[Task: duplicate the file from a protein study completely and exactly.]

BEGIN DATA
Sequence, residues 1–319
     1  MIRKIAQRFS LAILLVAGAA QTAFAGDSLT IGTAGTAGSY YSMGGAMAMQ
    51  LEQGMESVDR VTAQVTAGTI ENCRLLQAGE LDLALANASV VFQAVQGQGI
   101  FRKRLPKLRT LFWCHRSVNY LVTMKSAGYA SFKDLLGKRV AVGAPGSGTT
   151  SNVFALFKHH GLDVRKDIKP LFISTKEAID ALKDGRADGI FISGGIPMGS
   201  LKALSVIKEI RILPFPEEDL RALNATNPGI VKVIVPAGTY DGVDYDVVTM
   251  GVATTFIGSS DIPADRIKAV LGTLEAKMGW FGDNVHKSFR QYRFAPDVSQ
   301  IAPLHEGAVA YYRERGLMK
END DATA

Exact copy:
Sequence, residues 1–319
     1  MIRKIAQRFS LAILLVAGAA QTAFAGDSLT IGTAGTAGSY YSMGGAMAMQ
    51  LEQGMESVDR VTAQVTAGTI ENCRLLQAGE LDLALANASV VFQAVQGQGI
   101  FRKRLPKLRT LFWCHRSVNY LVTMKSAGYA SFKDLLGKRV AVGAPGSGTT
   151  SNVFALFKHH GLDVRKDIKP LFISTKEAID ALKDGRADGI FISGGIPMGS
   201  LKALSVIKEI RILPFPEEDL RALNATNPGI VKVIVPAGTY DGVDYDVVTM
   251  GVATTFIGSS DIPADRIKAV LGTLEAKMGW FGDNVHKSFR QYRFAPDVSQ
   301  IAPLHEGAVA YYRERGLMK